In revisiting the SWB model to improve its predictive accuracy, we examined the role of our underlying assumptions about the dynamics of snail populations and the process of snail infection. Our original model had incorporated estimates of snail abundance and their likelihood of having patent infection, that is, of their release of infectious cercariae into local water sites. However, most conventional models make the simplifying assumption that the rate of snail infection was a linear function of human infectivity (egg release by humans into the environment). It was evident that standard models were underestimating the persistence of Schistosoma infection in higher prevalence areas, so we developed and calibrated a modified SWB model that included a nonlinear force of infection (FOI) for snails, whereby snail infection is more easily achieved and goes to saturation more quickly on exposure to a given level of human-derived egg output. We then performed comparisons of the predictions of two types of model (linear versus nonlinear FOI). There were marked differences in the long-term projections of MDA outcomes, with the nonlinear model predicting that many communities’ transmission factors would be refractory to MDA effects on egg output, meaning that local elimination was very unlikely to occur. In the nonlinear system, the persistence of a relatively small pool of infected humans could exert a disproportionate effect in maintaining local transmission, and this would increase chances of infection prevalence rebound following cessation of MDA intervention.6 We concluded that the nonlinear aspect of snail FOI should be included in mathematical modeling to provide a more realistic prediction of program outcomes in all risk settings.

Li et al (2019) (Ref. 4).

In anticipation of planned revisions to the WHO guidelines for MDA-based schistosomiasis control, the next modeling project examined the potential benefit of earlier assessments of program impact to detect communities that have poor response to standard implementation of praziquantel MDA so that implementation strategy can be modified in a more timely fashion. In consideration of the persistent hot spots (PHS) phenomenon identified in SCORE’s gaining and sustaining studies,22 this modeling project simulated MDA outcomes using the latest SWB models,18 calibrating them separately against conditions found in lower-, medium-, and higher risk environments. Each model was run multiple times across a range of possible parameter inputs to generate a 95% confidence distribution of likely MDA outcomes. The model ensembles identified a consistent problem with “reworming” after MDA, that is, return of prevalence and higher infection intensities in the year(s) after drug delivery. These models demonstrated a stagnation of treatment impact by Year 3 of the program, which meant that the current WHO strategies for MDA delivery would fail to reach morbidity control targets in more than 80% of locations, even after 10 years of implementation.

We then suggested a more flexible approach to overcome the limited effectiveness of standard strategies and the observed variability in response among locations. If response of a community by Year 3 of the program was suboptimal, MDA frequency could be increased to biannual (twice-a-year) treatment. If prevalence targets were again not met by Year 5, then addition of local snail control was added. Our model projected that local prevalence of heavy infection would be reduced to < 5% in 100% of villages and to < 1% in 54% of villages by Year 7. Although more complex, and initially more costly, this more intensive, modified approach predicted that WHO morbidity control and EPHP targets could be reached more quickly and with greater certainty than current WHO-recommended intervention. This, in turn, has the potential to reduce the total time and resources needed for countries to achieve their public health goals for definitive schistosomiasis control.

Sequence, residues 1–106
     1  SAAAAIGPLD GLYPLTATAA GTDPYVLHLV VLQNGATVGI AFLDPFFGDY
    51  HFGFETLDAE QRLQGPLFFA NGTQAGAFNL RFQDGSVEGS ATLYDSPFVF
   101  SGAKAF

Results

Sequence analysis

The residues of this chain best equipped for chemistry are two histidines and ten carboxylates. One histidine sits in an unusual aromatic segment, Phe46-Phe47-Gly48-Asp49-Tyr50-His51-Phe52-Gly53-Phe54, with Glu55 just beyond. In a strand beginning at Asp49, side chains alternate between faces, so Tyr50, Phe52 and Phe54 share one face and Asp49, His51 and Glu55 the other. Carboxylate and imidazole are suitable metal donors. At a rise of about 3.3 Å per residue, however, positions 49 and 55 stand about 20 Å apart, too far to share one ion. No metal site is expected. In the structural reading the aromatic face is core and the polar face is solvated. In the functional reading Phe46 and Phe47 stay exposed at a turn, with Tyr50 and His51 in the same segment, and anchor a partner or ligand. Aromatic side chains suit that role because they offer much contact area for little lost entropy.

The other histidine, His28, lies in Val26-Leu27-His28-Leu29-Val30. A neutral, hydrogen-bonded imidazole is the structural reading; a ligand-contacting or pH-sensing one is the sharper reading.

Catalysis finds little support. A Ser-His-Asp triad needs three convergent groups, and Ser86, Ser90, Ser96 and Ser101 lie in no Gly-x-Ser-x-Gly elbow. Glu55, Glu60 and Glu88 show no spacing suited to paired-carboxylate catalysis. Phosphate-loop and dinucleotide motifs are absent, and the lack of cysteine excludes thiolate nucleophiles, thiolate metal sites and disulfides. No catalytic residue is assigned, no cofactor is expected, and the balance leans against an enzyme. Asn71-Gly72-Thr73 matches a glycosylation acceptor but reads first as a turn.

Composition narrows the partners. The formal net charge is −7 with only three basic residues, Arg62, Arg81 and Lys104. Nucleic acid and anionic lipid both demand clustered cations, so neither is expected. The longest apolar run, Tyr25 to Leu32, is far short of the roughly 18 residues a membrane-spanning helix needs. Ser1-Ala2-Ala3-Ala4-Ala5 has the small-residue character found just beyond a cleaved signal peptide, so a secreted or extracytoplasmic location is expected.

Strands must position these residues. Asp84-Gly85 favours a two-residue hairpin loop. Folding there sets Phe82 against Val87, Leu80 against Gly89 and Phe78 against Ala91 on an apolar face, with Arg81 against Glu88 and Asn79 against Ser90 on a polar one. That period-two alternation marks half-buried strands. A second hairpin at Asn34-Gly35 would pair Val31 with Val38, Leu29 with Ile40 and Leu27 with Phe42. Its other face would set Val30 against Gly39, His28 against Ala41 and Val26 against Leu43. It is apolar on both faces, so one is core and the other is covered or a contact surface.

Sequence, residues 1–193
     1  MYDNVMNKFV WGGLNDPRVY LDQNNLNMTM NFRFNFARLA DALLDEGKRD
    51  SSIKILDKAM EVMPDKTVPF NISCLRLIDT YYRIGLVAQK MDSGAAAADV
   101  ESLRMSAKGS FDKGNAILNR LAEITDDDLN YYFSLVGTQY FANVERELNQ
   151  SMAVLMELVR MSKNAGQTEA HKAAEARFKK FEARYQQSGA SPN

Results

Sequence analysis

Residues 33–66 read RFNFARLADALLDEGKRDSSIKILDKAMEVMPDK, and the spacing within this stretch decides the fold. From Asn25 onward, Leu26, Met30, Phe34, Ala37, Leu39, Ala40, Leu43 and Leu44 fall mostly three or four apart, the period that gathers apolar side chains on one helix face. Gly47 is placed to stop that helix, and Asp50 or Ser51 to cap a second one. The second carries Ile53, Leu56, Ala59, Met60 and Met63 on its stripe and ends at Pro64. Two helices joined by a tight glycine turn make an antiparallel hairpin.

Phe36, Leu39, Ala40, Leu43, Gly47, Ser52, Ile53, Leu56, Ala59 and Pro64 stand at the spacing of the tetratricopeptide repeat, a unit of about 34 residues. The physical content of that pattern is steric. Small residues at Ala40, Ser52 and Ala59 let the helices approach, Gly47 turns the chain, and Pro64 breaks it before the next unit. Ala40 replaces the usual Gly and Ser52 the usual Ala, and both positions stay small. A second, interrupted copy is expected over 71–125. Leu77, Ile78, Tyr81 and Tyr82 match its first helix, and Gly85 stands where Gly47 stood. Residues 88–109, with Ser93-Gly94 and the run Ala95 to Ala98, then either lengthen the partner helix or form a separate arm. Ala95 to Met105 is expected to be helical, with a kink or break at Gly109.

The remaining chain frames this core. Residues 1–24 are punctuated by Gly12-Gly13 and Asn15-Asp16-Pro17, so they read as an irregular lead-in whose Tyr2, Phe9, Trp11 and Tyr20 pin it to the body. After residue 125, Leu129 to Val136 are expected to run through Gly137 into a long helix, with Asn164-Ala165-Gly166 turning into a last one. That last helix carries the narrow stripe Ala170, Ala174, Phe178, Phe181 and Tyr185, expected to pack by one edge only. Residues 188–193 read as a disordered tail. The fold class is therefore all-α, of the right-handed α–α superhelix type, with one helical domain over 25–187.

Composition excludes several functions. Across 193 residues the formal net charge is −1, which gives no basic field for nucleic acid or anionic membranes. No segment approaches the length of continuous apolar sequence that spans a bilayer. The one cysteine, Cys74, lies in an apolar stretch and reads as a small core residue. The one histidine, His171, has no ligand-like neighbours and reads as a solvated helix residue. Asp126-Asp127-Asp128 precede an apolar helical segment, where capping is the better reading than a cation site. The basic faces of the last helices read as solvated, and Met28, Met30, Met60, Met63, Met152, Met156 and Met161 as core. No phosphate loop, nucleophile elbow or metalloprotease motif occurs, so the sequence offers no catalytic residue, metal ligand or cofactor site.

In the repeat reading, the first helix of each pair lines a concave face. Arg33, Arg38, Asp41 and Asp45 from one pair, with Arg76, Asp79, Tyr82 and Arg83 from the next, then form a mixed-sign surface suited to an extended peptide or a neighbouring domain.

SUMMARY AND RECOMMENDATIONS FOR FUTURE WORK

In confronting older models with new data54 from SCORE’s large-scale field studies, it became evident that although standard MWB models could provide qualitative projections of the impact of MDA, they often did not provide accurate quantitative estimates of the posttreatment prevalence metrics used for monitoring the success of interventions. Use of the SWB model provided such prevalence estimates directly. Through subsequent model modifications to incorporate the effects of relevant influential biological factors for snails and humans, the accuracy of predictions was progressively enhanced. Then, in confronting emerging program outcomes data with our insights from dynamic models, we saw that better data reporting, both from programs and in research, was essential. Accurate information on treatment coverage and on infection prevalence among adult and preschool age-groups could significantly strengthen model precision, and improve the accuracy of predictions. These subpopulations normally go untreated in programs using school-based MDA delivery. Their local presence, along with the presence of children who regularly miss MDA treatment, leaves persistent reservoirs for re-establishment of transmission that will significantly limit the impact of MDA-only programs.